When did it become conservative to protest responsible federal spending? The new rules to reduce consumption of additive sugars in schools are proposed at a time when nearly 1 in 5 American children are categorically obese. Childhood obesity has become such a problem that the American Academy of Pediatrics (AAP) recently proposed new recommendations to tackle the crisis, featuring a cocktail of pharmaceuticals and extreme surgeries often reserved as a last resort. The AAP’s primary funders also happen to be major pharmaceutical companies, who appear eager to capitalize on a new generation of lifelong medical patients.
The high rates of child weight inflation spell disastrous implications for the future of chronic disease and infertility. Children today are already witnessing the consequences of obesity with pediatric cases of type 2 diabetes doubling at multiple hospitals during Covid lockdowns, and it wasn’t just their blood sugar that spiked uncontrollably. One CDC study found that the rate of BMI increase in a cohort of children doubled under school closures. It turns out sending kids home, where many relied on processed food to cope with lockdowns, wasn’t the best thing for children’s health. Big Food was excited to rake in profits, with sales of packaged products spiking at the same time. And Big Pharma can see the green in sick care: chronic diseases alone cost Americans $1.1 trillion in 2016, a number that is only going up as their neighbors are getting sicker. To put that into perspective, the entire U.S. GDP is only $23 trillion.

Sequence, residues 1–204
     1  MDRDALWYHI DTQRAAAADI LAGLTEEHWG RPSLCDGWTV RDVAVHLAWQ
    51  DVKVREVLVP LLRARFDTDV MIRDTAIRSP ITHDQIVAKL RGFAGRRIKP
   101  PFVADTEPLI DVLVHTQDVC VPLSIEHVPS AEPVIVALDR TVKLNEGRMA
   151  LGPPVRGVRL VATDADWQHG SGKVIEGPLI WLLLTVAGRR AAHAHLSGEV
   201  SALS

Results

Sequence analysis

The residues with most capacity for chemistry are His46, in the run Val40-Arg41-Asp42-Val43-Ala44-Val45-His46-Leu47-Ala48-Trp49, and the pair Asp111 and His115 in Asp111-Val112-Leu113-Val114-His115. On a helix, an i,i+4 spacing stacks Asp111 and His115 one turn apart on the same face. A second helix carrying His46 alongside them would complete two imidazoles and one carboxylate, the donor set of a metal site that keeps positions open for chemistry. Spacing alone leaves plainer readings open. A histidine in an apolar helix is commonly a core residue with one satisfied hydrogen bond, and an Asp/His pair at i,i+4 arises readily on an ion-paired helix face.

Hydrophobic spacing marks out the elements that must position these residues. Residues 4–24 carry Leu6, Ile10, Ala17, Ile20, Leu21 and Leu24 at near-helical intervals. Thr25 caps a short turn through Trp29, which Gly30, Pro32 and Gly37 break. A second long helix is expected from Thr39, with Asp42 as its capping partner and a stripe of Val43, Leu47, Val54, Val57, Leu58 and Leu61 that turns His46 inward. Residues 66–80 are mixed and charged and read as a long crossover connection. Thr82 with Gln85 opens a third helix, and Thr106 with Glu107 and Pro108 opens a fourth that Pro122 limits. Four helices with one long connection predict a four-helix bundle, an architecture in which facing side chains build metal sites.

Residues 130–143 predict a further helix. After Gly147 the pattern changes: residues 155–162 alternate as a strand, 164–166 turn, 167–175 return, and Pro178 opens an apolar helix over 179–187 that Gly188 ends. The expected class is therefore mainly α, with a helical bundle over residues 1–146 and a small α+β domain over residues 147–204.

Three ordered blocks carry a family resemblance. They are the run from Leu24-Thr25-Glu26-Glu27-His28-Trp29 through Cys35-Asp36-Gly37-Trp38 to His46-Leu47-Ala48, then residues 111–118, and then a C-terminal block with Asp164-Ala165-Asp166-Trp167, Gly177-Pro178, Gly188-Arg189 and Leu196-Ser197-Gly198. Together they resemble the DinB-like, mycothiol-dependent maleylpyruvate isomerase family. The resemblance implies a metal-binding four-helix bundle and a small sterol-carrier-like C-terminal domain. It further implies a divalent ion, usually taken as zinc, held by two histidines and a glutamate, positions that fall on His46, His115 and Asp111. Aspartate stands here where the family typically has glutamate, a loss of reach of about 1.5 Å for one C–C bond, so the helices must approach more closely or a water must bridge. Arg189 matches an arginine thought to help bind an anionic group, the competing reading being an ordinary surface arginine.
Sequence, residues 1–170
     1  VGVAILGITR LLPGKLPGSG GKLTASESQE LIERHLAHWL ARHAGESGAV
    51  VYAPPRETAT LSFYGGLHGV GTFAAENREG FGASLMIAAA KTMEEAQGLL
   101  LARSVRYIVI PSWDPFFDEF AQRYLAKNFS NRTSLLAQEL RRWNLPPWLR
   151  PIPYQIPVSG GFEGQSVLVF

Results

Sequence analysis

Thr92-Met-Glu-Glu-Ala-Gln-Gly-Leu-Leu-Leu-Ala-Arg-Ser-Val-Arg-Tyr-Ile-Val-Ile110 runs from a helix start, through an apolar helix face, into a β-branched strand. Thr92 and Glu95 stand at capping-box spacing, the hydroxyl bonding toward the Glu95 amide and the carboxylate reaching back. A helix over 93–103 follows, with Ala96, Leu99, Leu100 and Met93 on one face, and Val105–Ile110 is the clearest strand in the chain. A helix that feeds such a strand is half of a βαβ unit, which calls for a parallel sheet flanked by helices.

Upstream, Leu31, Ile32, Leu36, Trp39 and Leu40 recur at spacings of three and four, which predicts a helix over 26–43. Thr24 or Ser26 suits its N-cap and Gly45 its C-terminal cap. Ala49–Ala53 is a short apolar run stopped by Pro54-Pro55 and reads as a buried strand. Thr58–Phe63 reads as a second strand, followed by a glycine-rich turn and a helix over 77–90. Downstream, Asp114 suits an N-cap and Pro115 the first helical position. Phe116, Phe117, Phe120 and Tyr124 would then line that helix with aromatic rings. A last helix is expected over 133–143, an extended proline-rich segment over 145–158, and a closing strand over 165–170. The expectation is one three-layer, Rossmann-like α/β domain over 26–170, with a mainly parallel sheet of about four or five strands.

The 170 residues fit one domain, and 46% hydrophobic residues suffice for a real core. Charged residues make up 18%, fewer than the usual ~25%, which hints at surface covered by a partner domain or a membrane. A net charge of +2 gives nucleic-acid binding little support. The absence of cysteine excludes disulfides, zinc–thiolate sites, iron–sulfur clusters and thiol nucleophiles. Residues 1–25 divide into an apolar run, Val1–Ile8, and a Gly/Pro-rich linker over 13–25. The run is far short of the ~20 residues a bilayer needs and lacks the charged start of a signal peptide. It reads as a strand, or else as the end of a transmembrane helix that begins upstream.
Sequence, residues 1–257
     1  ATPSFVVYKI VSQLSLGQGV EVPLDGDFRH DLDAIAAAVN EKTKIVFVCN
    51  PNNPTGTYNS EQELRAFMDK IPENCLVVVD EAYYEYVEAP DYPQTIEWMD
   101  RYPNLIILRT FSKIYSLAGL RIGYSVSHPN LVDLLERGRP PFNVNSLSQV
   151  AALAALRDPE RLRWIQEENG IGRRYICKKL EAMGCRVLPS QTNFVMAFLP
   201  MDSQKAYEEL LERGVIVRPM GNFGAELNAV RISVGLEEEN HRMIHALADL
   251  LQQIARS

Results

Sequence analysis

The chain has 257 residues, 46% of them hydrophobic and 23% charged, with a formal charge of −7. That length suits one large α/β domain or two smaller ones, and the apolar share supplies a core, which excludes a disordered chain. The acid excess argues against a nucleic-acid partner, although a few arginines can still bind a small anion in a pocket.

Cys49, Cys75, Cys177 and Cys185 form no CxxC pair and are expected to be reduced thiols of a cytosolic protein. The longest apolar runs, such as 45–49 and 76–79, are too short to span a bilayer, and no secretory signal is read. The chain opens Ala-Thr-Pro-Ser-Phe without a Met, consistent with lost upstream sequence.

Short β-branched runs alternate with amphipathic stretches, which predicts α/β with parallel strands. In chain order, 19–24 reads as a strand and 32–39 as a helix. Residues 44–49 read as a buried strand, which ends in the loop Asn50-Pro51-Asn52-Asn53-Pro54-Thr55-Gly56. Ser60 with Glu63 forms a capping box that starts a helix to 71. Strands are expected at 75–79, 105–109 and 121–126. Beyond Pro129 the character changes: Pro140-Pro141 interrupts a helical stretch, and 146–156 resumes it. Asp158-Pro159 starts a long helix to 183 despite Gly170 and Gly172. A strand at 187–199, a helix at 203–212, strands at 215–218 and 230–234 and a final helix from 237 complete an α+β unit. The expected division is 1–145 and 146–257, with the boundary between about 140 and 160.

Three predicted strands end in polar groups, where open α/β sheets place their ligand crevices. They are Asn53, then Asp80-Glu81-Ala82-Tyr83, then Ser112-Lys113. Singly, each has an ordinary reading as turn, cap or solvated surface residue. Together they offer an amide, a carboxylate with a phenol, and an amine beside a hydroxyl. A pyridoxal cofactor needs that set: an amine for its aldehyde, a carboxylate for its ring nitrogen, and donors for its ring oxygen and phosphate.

If Republicans really want to fight the culture war, they should take on major food industries that are pumping children with high levels of a substance found to be more rewarding than cocaine.
The Food and Drug Administration (FDA) let the food industry get away with marketing ultra-processed cereals saturated with sugar as “healthy” for years before finally doing something about it. Now the corporate food manufacturers have deployed their shock-troop lobbyists to Washington to keep it that way.
Federal food programs, however, are still subsidizing a childhood diet laced with excess sugar. About 60 percent of American schoolchildren are enrolled in either the National School Breakfast Program or the School Lunch Program, according to the American Action Forum. The federal milk mandate requires schools to provide cow’s milk for every student on assistance. That’s a lot of milk in K-12 cafeterias, with the average cup of chocolate milk containing “up to 3 teaspoons” of added sugar.
Why are Republicans more interested in protecting chocolate milk than attacking the industry that’s making us sick? That’s a real culture war. If Republicans want to gripe about federal nutrition standards coming from D.C. to begin with, that’s fair. But as long as American tax dollars are being spent on cafeterias, there should be some interest in spending it responsibly.
Stefanik claims “flavored milk is one [of] the best ways for kids to get essential dairy nutrients for growth and development.” Except it’s not. Children can get their vitamin D from playing outside and their calcium from unflavored milk as well as almonds, fish, leafy greens, and fresh oranges to satisfy a sweet tooth.